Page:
by Prof. Dr. Karin Petersen and Barbara Hentschel M.A.
The focal point of this course is presenting different methods of detecting and analyzing microorganisms encountered in objects of cultural heritage.
Essentially the courses are divided into modules. This allows judging the scope and content of the courses to help estimate the time and work involved.
The first one is an introduction into microbiology. It allows students with no corresponding background to learn the basics of microbiology and thus to be able to follow the course. This is of particular importance for non-university implementation, as microbiology in the conservation of cultural objects has not been pursued much outside the university.
The second module, which is smaller, is more practice oriented: it explains the different sampletaking techniques and which types of sample material are suited for which analyses and tests.
The third module contains various methods of detection and analyses of microorganisms that pose a threat to cultural objects. The user learns not only easy to use analyses techniques but also very specific and modern specialist ones.
Moreover, the course provides a reading list, an extensive glossary and links to other internet sites on the same topics. The course should rather explain you the possibilities of your available sources. Our aim is to enable you first to decide which method will be effective and to decide afterwards whichever equipment or procedure is needed.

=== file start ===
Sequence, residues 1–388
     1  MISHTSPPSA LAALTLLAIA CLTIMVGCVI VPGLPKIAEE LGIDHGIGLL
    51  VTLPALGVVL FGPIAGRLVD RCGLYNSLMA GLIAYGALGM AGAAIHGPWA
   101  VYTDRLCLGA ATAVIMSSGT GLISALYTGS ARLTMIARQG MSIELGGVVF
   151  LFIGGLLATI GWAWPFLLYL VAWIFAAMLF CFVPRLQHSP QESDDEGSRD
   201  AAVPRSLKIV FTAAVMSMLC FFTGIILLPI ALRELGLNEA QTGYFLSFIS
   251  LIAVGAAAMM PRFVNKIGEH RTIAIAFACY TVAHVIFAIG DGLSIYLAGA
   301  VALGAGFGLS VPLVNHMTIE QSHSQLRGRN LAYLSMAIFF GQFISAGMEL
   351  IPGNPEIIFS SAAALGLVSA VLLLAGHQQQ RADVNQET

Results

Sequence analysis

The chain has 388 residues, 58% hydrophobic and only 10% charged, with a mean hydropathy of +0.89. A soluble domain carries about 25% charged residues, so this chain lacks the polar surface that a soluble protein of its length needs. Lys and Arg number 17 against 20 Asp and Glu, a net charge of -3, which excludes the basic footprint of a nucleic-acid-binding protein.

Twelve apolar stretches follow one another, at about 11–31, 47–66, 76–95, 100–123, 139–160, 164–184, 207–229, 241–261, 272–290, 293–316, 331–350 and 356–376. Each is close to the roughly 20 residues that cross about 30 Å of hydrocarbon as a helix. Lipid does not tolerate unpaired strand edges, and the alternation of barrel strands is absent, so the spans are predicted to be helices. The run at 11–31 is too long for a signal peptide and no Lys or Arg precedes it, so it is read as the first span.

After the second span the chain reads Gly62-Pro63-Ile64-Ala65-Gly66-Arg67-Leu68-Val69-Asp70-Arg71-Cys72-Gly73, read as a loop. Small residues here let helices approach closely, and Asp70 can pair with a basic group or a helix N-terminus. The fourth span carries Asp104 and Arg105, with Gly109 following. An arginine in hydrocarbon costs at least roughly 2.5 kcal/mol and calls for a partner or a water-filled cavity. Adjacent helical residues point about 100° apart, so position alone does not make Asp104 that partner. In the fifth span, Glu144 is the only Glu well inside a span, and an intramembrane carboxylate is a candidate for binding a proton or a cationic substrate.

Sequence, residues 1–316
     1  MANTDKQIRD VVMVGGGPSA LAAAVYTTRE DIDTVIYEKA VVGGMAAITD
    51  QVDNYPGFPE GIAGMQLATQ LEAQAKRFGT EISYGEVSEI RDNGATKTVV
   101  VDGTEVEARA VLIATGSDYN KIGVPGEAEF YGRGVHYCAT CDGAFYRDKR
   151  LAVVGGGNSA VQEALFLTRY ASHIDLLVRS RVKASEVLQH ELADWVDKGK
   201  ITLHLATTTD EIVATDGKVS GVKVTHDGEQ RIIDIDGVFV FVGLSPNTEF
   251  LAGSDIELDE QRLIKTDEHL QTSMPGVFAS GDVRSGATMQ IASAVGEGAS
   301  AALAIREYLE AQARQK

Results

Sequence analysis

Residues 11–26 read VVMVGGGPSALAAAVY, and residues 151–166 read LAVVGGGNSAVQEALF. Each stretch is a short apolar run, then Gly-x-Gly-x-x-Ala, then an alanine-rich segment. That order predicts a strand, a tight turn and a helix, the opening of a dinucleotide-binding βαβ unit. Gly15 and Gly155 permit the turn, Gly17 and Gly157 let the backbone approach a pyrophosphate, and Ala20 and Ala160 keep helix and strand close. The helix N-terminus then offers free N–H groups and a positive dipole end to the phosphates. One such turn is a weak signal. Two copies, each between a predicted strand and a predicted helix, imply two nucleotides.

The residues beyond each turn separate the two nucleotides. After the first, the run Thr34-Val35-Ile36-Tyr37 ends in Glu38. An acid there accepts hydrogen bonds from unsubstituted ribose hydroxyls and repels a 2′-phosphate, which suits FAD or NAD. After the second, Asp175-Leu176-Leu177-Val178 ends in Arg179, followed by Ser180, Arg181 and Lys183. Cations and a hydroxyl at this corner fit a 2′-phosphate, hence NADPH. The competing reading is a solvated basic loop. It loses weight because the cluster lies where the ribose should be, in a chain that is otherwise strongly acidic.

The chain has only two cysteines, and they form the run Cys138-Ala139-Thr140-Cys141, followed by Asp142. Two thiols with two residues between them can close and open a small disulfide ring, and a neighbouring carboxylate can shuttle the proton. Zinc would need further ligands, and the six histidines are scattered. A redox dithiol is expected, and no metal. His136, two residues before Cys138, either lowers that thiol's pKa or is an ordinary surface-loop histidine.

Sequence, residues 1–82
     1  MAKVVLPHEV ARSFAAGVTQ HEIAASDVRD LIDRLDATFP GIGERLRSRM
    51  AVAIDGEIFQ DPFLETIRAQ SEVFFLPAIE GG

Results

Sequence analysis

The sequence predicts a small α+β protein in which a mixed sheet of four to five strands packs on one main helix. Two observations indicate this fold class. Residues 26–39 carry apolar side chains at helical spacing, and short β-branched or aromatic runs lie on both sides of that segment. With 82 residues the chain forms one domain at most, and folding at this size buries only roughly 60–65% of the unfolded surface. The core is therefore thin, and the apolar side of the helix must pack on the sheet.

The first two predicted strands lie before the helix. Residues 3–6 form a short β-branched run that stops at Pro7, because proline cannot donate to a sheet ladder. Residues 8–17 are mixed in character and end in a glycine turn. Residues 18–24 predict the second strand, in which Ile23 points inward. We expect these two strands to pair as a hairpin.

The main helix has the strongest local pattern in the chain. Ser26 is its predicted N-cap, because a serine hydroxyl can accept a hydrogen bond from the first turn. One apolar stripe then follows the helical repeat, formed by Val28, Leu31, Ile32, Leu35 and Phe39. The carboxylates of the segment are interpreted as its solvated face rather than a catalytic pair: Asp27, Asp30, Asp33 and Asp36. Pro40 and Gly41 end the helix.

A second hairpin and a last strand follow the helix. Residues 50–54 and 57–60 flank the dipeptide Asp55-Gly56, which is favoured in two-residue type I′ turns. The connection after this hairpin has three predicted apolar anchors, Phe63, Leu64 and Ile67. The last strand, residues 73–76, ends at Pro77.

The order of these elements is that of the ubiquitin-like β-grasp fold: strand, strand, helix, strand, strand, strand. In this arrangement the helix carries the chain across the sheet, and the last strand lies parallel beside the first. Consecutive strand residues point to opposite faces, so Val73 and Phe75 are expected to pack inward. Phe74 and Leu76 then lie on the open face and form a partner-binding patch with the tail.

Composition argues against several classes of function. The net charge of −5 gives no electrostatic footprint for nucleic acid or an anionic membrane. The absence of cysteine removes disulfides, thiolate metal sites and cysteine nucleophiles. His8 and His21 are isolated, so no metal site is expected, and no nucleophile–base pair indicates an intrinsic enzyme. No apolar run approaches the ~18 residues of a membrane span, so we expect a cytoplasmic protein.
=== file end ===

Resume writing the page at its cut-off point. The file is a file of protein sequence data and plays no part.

Prof. Dr. Karin Petersen teaches microbiology at the Faculty of Architecture, Engineering and Conservation at the University of Applied Sciences and Arts Hildesheim/ Holzminden/ Gottingen. One of her special subjects is the examination of microbic infestation of objects of art and cultural heritage, the resulting damages and the related health risks for humans.
Barbara Hentschel has graduated in Conservation and Restoration at the University of Applied Sciences and Arts Hildesheim/ Holzminden/ Gottingen. At the Hornemann Institute she is responsible for the concept and the implementation of the microbial infestation course.